The debate about what role HR should play in a business has been going on for years. Should HR be part of the C-level team? Should they be considered an operational department or a strategic partner? One thing is sure: HR departments across the organization are changing to support the ever-changing demands of employees and the customers, whilst keeping up with the rising global competition — and boards are paying more attention than ever before.

However, many businesses still believe that HR does not have anything to offer the Board of Directors, and being involved in a meeting will only be a waste of time.

According to MERIT500 recent Gender Data Report (2022), only 7% of HR in Sweden of all listed and unlisted companies have or had a board assignment. As for Finland, Norway, and Denmark, they had only 6%, 8%, and 5% of HR board assignments, respectively. 

HR Leaders

And when it comes to large-cap companies in Sweden, only 13% of HR professionals ever held a board position. 

Clearly, this little data is enough to explain how HR leaders have been kept out of the boardroom, considered specialists within their own niches who lacked the all-encompassing strategic understanding needed to drive the business forward.

However, HR specialists can bring many great insights and ideas to the meeting to make it worth the board’s time. In modern businesses, human resources (HR) plays a crucial role in the boardroom. HR representatives possess intimate knowledge of their organizations’ strengths, weaknesses, risks, and opportunities – making it possible to empower the decision-makers by mapping a business strategy to its human capital assets.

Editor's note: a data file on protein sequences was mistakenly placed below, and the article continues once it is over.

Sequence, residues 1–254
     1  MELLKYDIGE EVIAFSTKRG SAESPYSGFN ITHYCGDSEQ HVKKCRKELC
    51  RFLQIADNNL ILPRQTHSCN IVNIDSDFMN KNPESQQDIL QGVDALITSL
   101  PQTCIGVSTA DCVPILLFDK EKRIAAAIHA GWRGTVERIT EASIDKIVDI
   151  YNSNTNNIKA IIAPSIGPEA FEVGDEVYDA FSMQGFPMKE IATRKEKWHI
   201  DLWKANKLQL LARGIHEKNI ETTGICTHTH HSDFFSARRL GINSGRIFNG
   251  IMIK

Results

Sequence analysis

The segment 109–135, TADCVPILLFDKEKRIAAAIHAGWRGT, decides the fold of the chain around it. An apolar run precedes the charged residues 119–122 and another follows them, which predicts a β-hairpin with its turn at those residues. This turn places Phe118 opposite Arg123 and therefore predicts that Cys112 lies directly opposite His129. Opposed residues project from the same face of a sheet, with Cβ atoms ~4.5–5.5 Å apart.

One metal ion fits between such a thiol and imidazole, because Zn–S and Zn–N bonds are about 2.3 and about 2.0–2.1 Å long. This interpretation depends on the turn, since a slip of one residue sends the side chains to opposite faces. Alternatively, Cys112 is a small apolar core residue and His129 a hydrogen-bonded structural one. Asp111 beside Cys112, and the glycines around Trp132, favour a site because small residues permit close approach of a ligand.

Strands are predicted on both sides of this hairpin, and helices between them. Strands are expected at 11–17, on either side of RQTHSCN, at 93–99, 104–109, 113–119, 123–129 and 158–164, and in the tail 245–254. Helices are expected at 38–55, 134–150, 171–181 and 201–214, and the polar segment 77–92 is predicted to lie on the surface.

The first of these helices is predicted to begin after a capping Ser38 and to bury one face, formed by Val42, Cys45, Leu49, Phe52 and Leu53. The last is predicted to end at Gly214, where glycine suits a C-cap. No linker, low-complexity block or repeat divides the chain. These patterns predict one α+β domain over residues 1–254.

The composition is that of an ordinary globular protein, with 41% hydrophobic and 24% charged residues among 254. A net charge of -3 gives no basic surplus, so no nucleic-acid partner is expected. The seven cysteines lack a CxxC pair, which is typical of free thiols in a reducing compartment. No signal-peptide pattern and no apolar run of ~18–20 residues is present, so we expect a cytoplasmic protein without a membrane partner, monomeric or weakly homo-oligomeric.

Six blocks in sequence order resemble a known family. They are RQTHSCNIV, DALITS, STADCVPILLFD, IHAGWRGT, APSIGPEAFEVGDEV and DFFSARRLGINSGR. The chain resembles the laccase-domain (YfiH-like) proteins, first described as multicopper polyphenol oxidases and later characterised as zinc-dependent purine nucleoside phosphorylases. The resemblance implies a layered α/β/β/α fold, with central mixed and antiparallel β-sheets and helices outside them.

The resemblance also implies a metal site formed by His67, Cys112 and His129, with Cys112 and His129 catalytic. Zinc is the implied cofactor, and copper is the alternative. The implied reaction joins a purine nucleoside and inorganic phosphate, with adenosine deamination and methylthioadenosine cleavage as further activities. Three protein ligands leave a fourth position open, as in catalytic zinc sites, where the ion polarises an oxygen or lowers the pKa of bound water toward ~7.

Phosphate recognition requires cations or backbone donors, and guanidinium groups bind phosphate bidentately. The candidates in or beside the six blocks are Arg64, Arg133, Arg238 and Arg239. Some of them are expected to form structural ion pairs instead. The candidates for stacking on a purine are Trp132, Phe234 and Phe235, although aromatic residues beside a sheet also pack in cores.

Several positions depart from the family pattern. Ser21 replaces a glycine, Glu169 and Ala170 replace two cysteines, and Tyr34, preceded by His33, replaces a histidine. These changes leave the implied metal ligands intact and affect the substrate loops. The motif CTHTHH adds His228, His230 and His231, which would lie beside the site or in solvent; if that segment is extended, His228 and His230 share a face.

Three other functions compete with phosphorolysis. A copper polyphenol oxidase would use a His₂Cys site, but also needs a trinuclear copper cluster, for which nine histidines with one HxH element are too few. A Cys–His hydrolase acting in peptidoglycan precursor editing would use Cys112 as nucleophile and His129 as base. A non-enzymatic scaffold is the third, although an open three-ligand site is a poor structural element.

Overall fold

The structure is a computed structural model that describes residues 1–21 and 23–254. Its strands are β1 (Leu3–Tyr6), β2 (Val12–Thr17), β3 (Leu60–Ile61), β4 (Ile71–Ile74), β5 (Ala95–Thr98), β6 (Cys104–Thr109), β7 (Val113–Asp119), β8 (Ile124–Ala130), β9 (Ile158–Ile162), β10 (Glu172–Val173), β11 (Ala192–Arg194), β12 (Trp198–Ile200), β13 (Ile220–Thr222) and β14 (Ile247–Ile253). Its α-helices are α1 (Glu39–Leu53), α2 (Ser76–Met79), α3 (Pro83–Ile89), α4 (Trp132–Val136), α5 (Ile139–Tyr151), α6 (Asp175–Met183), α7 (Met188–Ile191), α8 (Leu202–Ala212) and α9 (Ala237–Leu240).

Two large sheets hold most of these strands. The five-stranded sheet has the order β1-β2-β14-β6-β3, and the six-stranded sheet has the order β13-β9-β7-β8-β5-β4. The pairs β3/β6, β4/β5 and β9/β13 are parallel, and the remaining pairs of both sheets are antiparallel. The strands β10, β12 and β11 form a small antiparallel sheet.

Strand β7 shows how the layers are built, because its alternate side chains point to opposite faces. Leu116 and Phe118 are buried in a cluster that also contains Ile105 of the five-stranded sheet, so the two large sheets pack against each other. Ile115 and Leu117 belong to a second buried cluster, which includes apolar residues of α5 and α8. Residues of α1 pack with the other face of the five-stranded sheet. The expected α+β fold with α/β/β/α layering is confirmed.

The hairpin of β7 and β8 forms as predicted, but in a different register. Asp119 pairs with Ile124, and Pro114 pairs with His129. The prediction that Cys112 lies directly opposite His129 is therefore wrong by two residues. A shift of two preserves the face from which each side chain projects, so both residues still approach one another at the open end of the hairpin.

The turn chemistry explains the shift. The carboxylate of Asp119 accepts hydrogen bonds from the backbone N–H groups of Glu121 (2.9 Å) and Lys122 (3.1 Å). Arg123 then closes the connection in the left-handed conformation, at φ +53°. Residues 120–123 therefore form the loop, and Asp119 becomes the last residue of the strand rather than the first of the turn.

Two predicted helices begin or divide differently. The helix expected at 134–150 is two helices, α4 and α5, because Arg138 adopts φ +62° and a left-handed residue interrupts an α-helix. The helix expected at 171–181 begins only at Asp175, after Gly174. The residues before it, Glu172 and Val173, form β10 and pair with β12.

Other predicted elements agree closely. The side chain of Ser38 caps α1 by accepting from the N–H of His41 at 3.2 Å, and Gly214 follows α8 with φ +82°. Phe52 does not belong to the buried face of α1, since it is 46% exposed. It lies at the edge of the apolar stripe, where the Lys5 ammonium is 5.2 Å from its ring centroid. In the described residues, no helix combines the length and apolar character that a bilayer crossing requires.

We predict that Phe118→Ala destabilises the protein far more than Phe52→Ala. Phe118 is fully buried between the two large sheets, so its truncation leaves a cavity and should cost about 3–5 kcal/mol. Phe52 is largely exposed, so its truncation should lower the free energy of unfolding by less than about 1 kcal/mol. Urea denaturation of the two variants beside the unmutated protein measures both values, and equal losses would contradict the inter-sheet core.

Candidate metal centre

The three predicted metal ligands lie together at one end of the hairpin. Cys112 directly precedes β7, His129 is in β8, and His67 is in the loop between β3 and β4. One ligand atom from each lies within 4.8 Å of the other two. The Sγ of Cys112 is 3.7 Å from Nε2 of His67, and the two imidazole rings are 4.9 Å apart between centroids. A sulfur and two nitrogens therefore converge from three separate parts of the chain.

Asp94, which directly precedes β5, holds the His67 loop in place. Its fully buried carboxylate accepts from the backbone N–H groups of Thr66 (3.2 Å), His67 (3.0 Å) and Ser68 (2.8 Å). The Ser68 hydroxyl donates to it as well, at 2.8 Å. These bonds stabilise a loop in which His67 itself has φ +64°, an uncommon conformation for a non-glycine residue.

This article explains why HR’s involvement in corporate boards makes perfect sense.

Managing HR is about Managing Businesses

Most HR leaders are part of the management team and know the business well. At the heart of their role is leadership. Despite their niche, they have capabilities and traits that enable them to add significant value outside the niche. A Harvard Business Review report found that the top quartile of human resources leaders excels not only at their profession’s traditional strengths but in areas that are often perceived as weaknesses.

HR Leaders Make Organizations Future Ready

To build future-ready organizations, you have to hire and retain the right talent. However, finding motivated, talented employees in today’s market is a challenge on its own.

The right HR leaders can be a key to overcoming the challenges your company might face, even though you cannot accurately predict what they will be.

HR Leaders Promote D&I in Organizations

Job seekers are making it a priority to find employers who value inclusion, especially the millennial generation. Mckinsey found that 39% of respondents decided against a job because they perceived the organization as not inclusive.

HR Leaders are the vanguard of building effective D&I initiatives in the workplace. In addition to putting in place a non-discrimination policy, they can motivate management to employ diversity and inclusion as core values.


Ultimately, there is a range of reasons why you should consider bringing HR into the boardroom, and we’ve just named a few here. Of course, many of you already do have HR directors sitting on your boards—and if that’s the case, we recommend continuing this practice and expanding upon it as necessary. Whatever your level of experience is, make sure that your HR department is equipped to help you conquer any challenges that may spring up.

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